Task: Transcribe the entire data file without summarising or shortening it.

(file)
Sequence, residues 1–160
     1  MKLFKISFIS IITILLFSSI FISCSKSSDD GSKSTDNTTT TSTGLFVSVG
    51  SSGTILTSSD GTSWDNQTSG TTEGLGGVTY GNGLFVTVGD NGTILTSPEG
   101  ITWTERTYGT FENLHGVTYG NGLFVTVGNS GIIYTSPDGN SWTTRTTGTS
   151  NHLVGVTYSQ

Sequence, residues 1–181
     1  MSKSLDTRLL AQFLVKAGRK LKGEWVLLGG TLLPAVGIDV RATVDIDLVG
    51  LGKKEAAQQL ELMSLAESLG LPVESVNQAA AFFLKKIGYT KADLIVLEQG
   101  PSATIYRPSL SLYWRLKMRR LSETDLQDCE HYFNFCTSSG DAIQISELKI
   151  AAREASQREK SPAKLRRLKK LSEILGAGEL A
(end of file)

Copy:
Sequence, residues 1–160
     1  MKLFKISFIS IITILLFSSI FISCSKSSDD GSKSTDNTTT TSTGLFVSVG
    51  SSGTILTSSD GTSWDNQTSG TTEGLGGVTY GNGLFVTVGD NGTILTSPEG
   101  ITWTERTYGT FENLHGVTYG NGLFVTVGNS GIIYTSPDGN SWTTRTTGTS
   151  NHLVGVTYSQ

Sequence, residues 1–181
     1  MSKSLDTRLL AQFLVKAGRK LKGEWVLLGG TLLPAVGIDV RATVDIDLVG
    51  LGKKEAAQQL ELMSLAESLG LPVESVNQAA AFFLKKIGYT KADLIVLEQG
   101  PSATIYRPSL SLYWRLKMRR LSETDLQDCE HYFNFCTSSG DAIQISELKI
   151  AAREASQREK SPAKLRRLKK LSEILGAGEL A